September 25

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Interviewing Bill Schweber

By jaime

September 25, 2020


In this episode, I talk with freelance technical editor, Bill Schweber. Bill was an Analog Design Engineer for many years then made the transition from to Product Marketer. In that role, he discovered the importance of being able to communicate clearly with your audience.

Bill shared a lot of good tips so it was hard to limit them to only three but here I present the top takeaways from our discussion.

Top 3 Takeaways

#1 Try To Find The Audience’s Sweet Spot

Bill says the biggest challenge when communicating to the audience is finding that sweet spot between having a very in-depth discussion that will appeal to about six people and having a broad discussion where the audience will hear a lot of stuff but learn very little. He says, “You’ve got to be clear at each point your talking about and provide context for your audience.”

#2 Pick A Good Headline

Bill says the headline “sets the tone for the story.” It not only tells audience what to expect from you but it also helps keep you on track. As you are writing or presenting, always ask yourself if what you are saying is consistent with the headline.

When Bill wrote press releases he says would spend hours working on the headline. He says, “You’ve got about 20 words to capture what the product is, what it does, why it’s significant and to whom it’s significant.” One thing he cautions against is using puns in headlines because the audience doesn’t get it. He says the headline is very, very important, “[it] forces the author to stick to a certain storyline and not go wandering off into ravines and eddies.”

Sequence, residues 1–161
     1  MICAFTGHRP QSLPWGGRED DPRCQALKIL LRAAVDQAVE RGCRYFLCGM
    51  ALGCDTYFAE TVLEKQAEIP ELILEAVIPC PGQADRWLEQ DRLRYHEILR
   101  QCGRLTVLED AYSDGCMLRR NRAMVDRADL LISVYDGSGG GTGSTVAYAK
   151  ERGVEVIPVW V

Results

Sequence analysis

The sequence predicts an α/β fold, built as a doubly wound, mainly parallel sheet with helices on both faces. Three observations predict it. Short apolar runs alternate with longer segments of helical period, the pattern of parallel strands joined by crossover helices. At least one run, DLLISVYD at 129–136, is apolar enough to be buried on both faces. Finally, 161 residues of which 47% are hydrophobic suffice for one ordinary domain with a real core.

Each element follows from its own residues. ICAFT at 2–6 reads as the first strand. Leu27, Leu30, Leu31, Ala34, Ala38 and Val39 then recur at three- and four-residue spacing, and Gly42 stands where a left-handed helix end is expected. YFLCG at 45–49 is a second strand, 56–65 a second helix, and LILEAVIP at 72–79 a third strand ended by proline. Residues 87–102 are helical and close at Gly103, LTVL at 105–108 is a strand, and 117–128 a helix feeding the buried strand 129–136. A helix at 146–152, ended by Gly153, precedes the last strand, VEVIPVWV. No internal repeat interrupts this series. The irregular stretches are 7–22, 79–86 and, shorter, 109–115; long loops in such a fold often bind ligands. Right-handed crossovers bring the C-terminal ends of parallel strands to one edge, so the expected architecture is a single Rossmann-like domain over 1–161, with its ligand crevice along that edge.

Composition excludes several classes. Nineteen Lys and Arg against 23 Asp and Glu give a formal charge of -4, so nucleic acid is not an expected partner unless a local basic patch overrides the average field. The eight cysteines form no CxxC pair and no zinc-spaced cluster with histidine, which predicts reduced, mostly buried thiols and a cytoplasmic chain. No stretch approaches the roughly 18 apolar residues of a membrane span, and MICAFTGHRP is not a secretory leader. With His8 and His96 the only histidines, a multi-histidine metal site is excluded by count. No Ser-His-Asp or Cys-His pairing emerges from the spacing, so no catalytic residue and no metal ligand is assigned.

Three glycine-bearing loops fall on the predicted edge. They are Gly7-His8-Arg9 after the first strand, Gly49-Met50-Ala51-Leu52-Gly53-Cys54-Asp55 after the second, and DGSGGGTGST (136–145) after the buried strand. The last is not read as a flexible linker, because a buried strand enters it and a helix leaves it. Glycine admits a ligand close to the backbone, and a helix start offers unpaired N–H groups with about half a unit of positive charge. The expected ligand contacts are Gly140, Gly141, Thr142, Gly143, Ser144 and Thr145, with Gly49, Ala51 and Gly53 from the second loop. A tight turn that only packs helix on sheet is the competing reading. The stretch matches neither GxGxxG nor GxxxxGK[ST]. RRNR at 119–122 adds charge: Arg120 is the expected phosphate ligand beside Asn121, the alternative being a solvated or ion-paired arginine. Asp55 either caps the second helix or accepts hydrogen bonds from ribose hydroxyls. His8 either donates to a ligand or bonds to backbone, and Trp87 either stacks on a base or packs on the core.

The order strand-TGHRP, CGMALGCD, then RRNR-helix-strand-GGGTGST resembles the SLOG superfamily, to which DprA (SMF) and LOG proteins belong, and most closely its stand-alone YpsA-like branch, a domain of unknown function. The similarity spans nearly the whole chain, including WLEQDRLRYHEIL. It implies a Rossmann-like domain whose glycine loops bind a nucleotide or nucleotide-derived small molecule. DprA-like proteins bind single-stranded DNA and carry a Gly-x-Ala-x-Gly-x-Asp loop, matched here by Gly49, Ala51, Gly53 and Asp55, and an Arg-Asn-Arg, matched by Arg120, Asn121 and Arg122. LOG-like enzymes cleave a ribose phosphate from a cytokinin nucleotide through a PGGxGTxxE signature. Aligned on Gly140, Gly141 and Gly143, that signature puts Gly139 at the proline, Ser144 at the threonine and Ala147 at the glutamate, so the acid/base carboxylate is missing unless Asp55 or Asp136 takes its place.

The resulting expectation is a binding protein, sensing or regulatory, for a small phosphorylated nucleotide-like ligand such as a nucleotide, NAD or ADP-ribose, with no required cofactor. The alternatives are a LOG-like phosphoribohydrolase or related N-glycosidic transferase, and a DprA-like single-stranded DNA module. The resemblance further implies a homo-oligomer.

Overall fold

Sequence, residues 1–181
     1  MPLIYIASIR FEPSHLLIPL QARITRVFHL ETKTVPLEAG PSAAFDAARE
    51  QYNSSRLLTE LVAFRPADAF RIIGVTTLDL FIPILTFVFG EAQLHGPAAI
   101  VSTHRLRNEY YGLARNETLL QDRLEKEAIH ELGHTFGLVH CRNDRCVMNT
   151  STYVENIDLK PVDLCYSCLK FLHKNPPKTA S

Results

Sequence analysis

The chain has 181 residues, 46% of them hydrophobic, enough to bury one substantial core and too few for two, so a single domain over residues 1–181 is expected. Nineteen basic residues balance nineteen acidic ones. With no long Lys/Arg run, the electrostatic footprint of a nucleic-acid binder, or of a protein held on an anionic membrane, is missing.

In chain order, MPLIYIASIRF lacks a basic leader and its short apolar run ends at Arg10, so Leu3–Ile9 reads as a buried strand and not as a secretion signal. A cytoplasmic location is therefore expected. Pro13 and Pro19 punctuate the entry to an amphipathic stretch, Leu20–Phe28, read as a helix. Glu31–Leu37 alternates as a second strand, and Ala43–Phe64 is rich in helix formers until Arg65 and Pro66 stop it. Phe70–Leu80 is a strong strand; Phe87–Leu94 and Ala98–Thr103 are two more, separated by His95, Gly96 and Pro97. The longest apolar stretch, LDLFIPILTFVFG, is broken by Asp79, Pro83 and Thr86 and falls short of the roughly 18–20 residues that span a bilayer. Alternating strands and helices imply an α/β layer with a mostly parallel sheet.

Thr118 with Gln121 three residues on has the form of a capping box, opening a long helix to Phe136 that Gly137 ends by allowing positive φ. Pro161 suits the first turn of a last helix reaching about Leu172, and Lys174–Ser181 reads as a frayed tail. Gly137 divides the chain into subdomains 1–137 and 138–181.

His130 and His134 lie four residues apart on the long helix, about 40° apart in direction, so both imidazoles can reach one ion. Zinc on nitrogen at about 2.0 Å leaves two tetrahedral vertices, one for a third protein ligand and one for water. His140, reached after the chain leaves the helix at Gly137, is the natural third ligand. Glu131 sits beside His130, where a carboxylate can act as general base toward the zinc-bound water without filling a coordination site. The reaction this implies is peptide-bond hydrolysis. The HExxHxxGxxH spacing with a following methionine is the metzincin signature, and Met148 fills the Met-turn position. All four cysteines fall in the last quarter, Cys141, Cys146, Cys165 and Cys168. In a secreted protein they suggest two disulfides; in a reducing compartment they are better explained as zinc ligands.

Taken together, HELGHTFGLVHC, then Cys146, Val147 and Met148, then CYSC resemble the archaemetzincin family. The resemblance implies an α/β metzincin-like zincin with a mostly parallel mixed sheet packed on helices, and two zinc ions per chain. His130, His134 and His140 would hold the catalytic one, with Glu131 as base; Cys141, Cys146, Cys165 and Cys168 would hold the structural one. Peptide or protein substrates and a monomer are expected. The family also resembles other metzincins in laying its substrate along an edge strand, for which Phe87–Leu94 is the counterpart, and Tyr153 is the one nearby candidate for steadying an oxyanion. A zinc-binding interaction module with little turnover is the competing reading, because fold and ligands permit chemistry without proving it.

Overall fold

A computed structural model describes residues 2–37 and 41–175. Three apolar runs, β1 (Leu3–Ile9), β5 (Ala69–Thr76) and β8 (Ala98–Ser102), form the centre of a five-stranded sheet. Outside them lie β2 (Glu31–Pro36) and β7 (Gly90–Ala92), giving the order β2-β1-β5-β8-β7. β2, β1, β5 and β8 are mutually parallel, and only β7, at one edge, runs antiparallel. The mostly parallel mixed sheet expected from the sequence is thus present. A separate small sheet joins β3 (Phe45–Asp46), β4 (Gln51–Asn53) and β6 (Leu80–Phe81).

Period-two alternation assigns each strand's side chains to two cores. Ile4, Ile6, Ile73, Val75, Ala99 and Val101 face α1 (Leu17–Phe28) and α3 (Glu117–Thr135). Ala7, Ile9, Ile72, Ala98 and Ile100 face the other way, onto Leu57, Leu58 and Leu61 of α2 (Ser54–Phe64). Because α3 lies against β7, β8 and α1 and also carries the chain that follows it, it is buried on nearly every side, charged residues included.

#3 Find A Writing Mentor

Bill was fortunate to have more than one boss who helped him on his writing journey. Not every engineer has that opportunity so Bill recommends getting your own mentor. He recommends looking at publications or websites and take note of the names that show repeatedly. Then reach out them and ask how they get into writing.

The one caveat Bill offers is to make sure that the person you are contacting has a technical background. He cautions that there are some writers who “know the words but not the story behind the words.”

There is a more knowledge in this interview so I encourage you to watch it completely. Let me know what you think.

About the author

I'm an engineer and, sometime, public speaker.  I believe technical presentations don't have to be boring.  I believe the world will benefit when engineers become better communications.

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